No. CCCXLI. But he has said quite enough to Character of Louis XIV. confirm the discoveries subsequently The intrusion of any popular voice made by writers of every communion, was not likely to be tolerated in the respecting this extraordinary fact, and reign of Louis XIV., a reign which to make known in what state Dante bas been so often celebr ied as the found the religion of Europe. The zenith of warlike angl literary splenInquisitors, in the mean time, were dour, but which has always appeared by no ineans remiss in burning astro- to me to be the consunimation of logers and persons accused of prac. whatever is afflicting and degrading tising the art of magic, though it some. in the history of the human race. times happened that an astrologer Talent seenied, in that reigri, robbed triumphed over them. Of two con. of the conscious elevation, of the erect temporaries of Dante, one, Cecco and manly port, which is its noblest d'Ascoli, was burned by order of the associate and its surest indication. Dominican luquisition at Florence; * The mild purity of Fenelon,' the and the other, Pietro d'Abano, who lofty spirit of Bossuet," the sublime was reputed to be confederate with fervour of Corneille, were confounded devils, and openly professed astrology, by the contagion of ignominious and upon being accused at Paris, retorted indiscriminate servility. It seemed the charge of heresy upon the Domi. as if the “ representative majesty' of nicans_summoned them to appear- the genius and intellect of man were convicted them of heresy by forty- prostrated before the shrine of a sanfive specialarguments-procured their guinary and dissolute tyrant, who expulsion and exclusion from Paris practised the corruption of courts for a considerable period—and was without their mildness, and incurred himself pronounced innocent by the the guilt of wars without their glory. Pope at Romne, † The people, how. His highest praise is to have sup: ever, believed in the power of this ported the stage-trick of royalty with magician. It is mentioned in the effect; and it is surely difficult to chronicles of that age, and still re. conceive any character more odious peated in the villages of Padua, that and despicable than that of a puny Pietro had scven spirits at his com. libertine, who, under the frown of a mand; and that when he was going strumpet or a monk, issues the manto be hanged he substituted an ass date that is to murder virtuous citizens, in his place. The fact is, that not- to desolate happy and peaceful hamwithstanding his canonical absolution, lets, to wring agonizing tears from Pietro had admitted in his writings widows and orphans. Heroism has the influence of the stars upon human a splendour that almost atones for its actions, and denied absolutely the excesses; but what shall we think of existence of demons. I The philo- him, who, from the luxurious and sophy of Epicurus had made some dastardly security in which lie walprogress among the higher orders in lows at Versailles, issues with calm the age of Dante; Guido Cavalcauti, and cruel apathy his orders to butcher his intimate friend, was pointed out the Protestants of Languedoc, or to by the people for his Meditations lay in ashes the villages of the Palaagainst the Existence of God.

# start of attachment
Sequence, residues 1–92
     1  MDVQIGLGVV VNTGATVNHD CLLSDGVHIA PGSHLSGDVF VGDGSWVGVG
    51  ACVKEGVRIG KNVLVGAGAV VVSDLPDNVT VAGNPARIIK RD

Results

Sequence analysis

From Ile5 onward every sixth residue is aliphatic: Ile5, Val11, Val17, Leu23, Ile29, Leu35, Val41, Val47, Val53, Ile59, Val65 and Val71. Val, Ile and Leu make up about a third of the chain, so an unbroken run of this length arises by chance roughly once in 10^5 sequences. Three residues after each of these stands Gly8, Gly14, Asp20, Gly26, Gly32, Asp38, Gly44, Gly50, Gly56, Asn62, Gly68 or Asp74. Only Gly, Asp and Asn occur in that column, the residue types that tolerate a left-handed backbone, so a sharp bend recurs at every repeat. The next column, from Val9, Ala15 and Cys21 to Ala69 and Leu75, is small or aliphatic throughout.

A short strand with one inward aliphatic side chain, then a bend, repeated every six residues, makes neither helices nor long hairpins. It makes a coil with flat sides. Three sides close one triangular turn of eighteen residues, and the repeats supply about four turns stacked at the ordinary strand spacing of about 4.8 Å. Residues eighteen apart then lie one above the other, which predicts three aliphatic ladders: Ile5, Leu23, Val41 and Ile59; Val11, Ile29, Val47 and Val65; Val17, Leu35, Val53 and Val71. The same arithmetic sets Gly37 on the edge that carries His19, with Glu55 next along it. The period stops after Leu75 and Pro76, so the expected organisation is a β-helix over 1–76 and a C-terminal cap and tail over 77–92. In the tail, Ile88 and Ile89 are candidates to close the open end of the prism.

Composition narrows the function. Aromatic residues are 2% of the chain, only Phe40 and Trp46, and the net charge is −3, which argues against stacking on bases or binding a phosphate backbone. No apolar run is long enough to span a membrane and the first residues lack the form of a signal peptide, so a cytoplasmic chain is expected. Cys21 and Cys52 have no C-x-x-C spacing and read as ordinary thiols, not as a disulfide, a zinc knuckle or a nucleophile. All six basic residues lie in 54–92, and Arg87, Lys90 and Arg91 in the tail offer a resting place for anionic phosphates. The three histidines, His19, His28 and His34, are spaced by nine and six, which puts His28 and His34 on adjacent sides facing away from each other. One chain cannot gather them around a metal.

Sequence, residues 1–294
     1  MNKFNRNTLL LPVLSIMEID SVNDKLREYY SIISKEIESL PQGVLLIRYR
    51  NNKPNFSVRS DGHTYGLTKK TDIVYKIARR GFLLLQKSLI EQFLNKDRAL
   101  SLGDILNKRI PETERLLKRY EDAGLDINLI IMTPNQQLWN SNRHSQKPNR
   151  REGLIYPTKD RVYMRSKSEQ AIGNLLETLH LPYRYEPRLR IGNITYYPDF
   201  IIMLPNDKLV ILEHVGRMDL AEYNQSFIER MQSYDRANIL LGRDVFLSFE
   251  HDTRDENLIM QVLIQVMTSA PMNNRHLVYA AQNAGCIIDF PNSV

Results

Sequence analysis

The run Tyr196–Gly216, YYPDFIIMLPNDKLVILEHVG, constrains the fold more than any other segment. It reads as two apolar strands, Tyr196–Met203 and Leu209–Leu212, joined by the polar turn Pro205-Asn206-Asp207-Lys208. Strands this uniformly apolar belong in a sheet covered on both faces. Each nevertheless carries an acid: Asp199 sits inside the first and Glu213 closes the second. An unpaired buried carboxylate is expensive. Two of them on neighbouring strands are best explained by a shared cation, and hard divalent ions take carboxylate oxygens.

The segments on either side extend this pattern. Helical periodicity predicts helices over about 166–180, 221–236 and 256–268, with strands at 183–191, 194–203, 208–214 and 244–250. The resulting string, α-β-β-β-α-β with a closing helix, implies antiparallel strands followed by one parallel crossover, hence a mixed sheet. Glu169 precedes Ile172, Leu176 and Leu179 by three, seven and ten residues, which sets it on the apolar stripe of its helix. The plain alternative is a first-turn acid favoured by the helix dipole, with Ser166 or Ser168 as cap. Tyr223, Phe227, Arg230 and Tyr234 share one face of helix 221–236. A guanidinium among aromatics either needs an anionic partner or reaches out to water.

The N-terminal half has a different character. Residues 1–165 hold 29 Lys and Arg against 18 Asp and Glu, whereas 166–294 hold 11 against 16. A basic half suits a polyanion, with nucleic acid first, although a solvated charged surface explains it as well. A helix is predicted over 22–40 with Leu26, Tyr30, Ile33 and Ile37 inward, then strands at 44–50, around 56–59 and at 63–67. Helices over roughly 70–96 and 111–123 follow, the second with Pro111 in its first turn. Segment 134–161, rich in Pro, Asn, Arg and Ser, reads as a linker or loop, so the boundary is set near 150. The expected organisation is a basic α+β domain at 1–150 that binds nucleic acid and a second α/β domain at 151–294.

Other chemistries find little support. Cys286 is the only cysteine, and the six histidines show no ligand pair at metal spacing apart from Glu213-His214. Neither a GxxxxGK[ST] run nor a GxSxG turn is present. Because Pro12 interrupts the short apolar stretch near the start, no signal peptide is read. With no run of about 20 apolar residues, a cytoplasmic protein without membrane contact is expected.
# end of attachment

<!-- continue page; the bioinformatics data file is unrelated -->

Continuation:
tinate ? Ou the recollection of such